A group of European Union states has announced plans to open public order firms to order private orders, paving the way for firms such as Amazon to open up in the bloc.
In a statement, the 28-nation bloc said the private order institutions (PEOs) would allow “companies to establish an online business, which can be used for commercial purposes, in the EU”.
This would enable them to offer more services and make the process more transparent and efficient, it said.
The statement, which was first reported by the Financial Times, comes a week after Amazon’s proposed acquisition of rival grocery retailer Sainsbury’s.
A similar plan was announced in February by Germany’s Federal Ministry of Finance and the European Union’s executive arm, the European Commission.
It is not yet clear how long the private orders would remain open, but it is hoped that they would be able to expand to other markets, such as the United States.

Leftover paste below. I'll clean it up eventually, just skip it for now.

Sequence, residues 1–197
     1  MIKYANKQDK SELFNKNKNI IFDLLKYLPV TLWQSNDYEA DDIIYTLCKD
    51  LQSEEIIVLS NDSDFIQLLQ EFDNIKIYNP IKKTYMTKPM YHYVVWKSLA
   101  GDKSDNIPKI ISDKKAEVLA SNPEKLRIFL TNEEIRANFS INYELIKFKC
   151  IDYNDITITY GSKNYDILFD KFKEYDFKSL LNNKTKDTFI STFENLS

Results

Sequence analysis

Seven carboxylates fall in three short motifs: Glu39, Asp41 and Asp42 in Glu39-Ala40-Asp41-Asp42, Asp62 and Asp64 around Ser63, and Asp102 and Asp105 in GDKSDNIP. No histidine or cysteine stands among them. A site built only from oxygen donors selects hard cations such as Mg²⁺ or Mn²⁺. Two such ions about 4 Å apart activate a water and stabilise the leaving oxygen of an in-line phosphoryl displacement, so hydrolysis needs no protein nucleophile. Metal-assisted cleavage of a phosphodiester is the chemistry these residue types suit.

The EU’s decision to create private order firms is a step towards enabling them to order from customers without needing to rely on an intermediary or be regulated by a national authority.
Currently, European regulators are still required to monitor the firms, and they can only be used by the EU, but the PEOs would be exempt from these rules.
This is partly because of the high cost of setting up an online marketplace.
In addition, they are often unable to provide any information about their customers, making it difficult for regulators to determine whether they are acting in accordance with the law.
The move comes as Amazon’s chief executive, Jeff Bezos, announced a $1bn deal to buy rival grocery delivery service Grab, as part of a bid to grow its business.
The purchase was initially expected to close this year, but was delayed because of a dispute over a payment.